PARIS (Reuters) - France under President Emmanuel Macron has become one of the fastest-reforming countries in Europe but needs to be more detailed on how it will cut public spending, the International Monetary Fund said on Monday in its annual assessment.
“With this ambitious pace of reforms, France has now become a reform leader in Europe,” the IMF said in a statement, adding that last year’s easing of the labour code should boost investment, jobs and growth.
More specifics were required on how Macron’s pro-business government intended to put its public debt levels on a sustainable downward trajectory, it added.
Macron is expecting recommendations from a committee of experts in the coming days on how to reduce public spending.
France’s cherished social model provides free education and health care and has helped keep inequalities relatively low, but it has pushed public spending and the taxes to pay for it to amongst the highest levels in the developed world.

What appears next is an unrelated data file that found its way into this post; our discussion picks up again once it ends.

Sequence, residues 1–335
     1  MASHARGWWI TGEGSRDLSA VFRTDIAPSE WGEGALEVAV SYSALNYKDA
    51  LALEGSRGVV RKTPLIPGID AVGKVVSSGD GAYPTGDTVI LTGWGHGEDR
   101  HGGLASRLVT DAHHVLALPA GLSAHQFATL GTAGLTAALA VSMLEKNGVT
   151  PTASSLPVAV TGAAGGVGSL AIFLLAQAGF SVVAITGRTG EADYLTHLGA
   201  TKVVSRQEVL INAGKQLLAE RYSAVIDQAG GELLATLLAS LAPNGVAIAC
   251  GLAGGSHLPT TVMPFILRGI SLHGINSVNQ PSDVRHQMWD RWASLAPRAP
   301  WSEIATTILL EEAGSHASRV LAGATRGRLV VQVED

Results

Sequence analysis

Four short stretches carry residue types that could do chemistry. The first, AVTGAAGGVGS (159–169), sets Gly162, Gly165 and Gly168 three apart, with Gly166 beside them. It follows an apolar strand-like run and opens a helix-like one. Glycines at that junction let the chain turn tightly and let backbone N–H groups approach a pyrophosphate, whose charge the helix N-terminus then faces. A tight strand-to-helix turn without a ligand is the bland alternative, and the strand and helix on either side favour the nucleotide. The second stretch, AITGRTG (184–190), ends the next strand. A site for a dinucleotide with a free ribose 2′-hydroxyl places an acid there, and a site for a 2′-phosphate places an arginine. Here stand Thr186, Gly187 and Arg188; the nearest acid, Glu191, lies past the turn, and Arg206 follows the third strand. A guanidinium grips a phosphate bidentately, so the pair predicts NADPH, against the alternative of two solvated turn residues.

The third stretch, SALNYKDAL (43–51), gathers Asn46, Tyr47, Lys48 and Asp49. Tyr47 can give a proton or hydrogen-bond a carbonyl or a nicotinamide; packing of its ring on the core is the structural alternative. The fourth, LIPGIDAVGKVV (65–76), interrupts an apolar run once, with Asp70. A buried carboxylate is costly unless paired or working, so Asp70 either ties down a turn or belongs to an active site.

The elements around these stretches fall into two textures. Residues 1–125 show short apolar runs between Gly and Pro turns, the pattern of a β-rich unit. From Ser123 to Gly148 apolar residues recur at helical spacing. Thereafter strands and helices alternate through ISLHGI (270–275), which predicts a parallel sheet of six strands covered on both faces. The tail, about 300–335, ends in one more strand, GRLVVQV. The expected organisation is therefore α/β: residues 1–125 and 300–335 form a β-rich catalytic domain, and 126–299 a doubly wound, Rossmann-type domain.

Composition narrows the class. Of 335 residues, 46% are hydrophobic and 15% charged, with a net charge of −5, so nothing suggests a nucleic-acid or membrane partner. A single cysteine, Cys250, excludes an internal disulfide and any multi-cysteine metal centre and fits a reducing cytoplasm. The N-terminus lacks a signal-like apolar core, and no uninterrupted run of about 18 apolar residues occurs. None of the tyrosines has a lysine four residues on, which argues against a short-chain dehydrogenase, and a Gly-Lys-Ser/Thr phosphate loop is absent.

“Specifying spending reforms at all levels of government, starting with the 2019 budget, is key for the credibility of the strategy,” the IMF said.
It said France should consider raising the effective retirement age — the age at which workers on average begin drawing their pension — as part of a pension reform under discussion.
It should also cut the number of public workers by not replacing departing employees and merging local authorities, while welfare benefits should be better targeted and simplified, the IMF added.
The Washington-based institution said it expected economic growth to remain robust in France this year, but less buoyant than in 2017.
Reporting by Michel Rose and Myriam Rivet; Editing by Richard Lough